As the birthplace and international hub of Abstract Expressionism after WWII, New York was constantly pulsing with the latest innovations in Modernism. Frankenthaler’s own artistic style emerged from her engagement with Abstract Expressionists of the previous generation, such as Willem de Kooning, Arshile Gorky, and Jackson Pollock. Building on Pollock’s thickly layered paint and stained canvases, Frankenthaler experimented with oil paints thinned with turpentine—a watery concoction—which she poured directly onto an unprimed canvas on the floor. This practice allowed the paint to soak and spread through the canvas. The stained fibers of the canvas created a completely flat, but no less vibrant, abstract painting. Her aptly named “soak-stain” method became a great success, catapulting Frankenthaler into the limelight as an innovative and talented color field painter. Her first group exhibition opened in 1950, just one year after she graduated from Bennington College. The following year, she had her first solo exhibition at the Tibor de Nagy Gallery. Her first retrospective followed in 1960 when she was just 31, unusually young for a painter at the time to receive such recognition from prestigious institutions.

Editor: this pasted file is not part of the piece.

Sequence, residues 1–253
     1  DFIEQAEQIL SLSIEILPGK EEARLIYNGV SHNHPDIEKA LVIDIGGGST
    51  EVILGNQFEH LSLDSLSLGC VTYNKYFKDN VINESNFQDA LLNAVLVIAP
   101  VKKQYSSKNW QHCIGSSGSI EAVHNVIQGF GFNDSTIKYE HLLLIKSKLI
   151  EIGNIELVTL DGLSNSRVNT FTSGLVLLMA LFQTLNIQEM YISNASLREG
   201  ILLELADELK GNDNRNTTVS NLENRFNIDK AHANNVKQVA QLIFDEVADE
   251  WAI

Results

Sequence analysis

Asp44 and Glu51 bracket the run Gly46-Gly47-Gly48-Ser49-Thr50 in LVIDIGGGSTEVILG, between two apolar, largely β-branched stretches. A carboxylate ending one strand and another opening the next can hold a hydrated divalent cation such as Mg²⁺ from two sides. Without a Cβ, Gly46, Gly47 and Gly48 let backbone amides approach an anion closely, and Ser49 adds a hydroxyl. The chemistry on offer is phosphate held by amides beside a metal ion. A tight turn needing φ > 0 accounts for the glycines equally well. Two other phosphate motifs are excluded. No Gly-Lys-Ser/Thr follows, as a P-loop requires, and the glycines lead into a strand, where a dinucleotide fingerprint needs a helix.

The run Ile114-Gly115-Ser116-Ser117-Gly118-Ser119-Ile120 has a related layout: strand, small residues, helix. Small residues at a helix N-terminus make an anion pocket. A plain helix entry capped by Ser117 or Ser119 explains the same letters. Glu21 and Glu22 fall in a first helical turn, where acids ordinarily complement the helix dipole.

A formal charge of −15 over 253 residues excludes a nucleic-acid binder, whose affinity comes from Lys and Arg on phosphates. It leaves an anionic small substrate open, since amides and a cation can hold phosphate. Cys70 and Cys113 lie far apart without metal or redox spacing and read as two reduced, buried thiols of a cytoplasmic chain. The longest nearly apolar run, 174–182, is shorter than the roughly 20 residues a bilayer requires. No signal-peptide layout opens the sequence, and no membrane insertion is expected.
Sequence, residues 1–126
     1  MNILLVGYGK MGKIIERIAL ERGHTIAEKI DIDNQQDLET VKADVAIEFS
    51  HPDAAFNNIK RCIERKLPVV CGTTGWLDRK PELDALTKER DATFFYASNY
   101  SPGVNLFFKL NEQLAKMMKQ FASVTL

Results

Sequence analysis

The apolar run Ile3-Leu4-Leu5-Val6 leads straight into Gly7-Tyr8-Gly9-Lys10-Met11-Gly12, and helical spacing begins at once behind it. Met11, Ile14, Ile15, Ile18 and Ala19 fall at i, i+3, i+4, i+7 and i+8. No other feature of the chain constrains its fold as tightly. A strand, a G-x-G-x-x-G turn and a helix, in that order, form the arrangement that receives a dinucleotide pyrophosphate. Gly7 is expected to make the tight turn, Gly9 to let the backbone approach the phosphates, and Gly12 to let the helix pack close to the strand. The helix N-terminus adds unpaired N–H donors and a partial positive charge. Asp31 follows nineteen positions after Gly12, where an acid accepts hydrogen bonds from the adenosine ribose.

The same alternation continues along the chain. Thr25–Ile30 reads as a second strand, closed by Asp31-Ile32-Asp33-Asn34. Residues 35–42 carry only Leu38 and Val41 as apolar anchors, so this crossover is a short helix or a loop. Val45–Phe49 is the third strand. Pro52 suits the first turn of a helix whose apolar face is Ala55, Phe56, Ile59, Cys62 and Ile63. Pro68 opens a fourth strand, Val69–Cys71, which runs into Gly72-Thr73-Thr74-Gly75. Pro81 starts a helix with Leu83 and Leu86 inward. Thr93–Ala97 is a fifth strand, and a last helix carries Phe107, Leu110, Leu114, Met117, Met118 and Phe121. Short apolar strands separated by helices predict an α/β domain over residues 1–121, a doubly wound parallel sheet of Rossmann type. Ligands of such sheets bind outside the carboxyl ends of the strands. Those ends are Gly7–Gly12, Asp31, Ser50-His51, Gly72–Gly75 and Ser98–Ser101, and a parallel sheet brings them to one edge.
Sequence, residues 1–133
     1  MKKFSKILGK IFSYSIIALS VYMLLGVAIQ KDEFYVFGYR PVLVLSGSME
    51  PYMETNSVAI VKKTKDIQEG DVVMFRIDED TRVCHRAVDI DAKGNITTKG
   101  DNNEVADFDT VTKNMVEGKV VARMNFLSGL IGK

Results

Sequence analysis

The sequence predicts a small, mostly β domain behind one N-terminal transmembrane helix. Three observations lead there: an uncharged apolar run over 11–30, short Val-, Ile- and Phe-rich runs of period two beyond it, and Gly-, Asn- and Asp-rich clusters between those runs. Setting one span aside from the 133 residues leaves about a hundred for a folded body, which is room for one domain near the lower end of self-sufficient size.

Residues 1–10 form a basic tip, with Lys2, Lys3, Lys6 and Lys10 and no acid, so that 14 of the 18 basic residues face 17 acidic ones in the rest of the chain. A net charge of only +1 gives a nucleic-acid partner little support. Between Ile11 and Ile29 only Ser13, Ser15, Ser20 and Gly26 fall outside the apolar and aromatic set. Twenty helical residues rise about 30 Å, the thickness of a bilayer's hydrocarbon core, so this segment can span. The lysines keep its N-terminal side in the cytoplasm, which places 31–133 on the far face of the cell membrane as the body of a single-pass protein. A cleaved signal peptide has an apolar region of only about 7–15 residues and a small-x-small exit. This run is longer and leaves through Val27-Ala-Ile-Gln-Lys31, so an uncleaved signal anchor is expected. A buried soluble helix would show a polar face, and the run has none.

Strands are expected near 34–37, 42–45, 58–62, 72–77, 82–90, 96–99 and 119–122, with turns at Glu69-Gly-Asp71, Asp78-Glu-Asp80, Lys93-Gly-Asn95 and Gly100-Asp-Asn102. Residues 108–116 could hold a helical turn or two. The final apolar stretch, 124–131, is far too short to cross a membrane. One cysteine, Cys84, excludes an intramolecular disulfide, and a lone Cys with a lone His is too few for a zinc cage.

In her early career, Frankenthaler befriended Grace Hartigan, a fellow second-generation Abstract Expressionist based in New York. Frankenthaler and Hartigan shared an admiration of the Impressionist painter, Berthe Morisot, who they looked up to as a pioneer among modern women painters. They bonded not only over their love and admiration of her work, but also over the sorrow they felt for Morisot knowing that her freedoms in the late-19th century were a fraction of their own in the 1950s and 1960s. Frankenthaler and Hartigan read and discussed Morisot’s personal writings which expressed deep unhappiness towards her life as a woman and the despair of knowing she could not succeed to the extent of the male Impressionists around her despite her talent. Taking Morisot’s tragedy as inspiration, Frankenthaler and Hartigan forged their own artistic styles and methods without allowing themselves to be downplayed as “women artists” or feminine painters. They aimed to create art without attaching their identities as women to their work, insisting that their paintings could speak for themselves. While Frankenthaler’s earliest groundbreaking works predate the women’s liberation movement of the 1970s by nearly two decades, she has been retroactively described as a feminist pathfinder by those who recognize her efforts not just to create her own space in a stifling field, but also to emerge as a highly-respected artist whose contributions inspired many painters after her. Frankenthaler’s staggering number of solo and group exhibitions, awards, and retrospectives speak to her success as “more than a woman artist” and validate her as a great artist in her own right.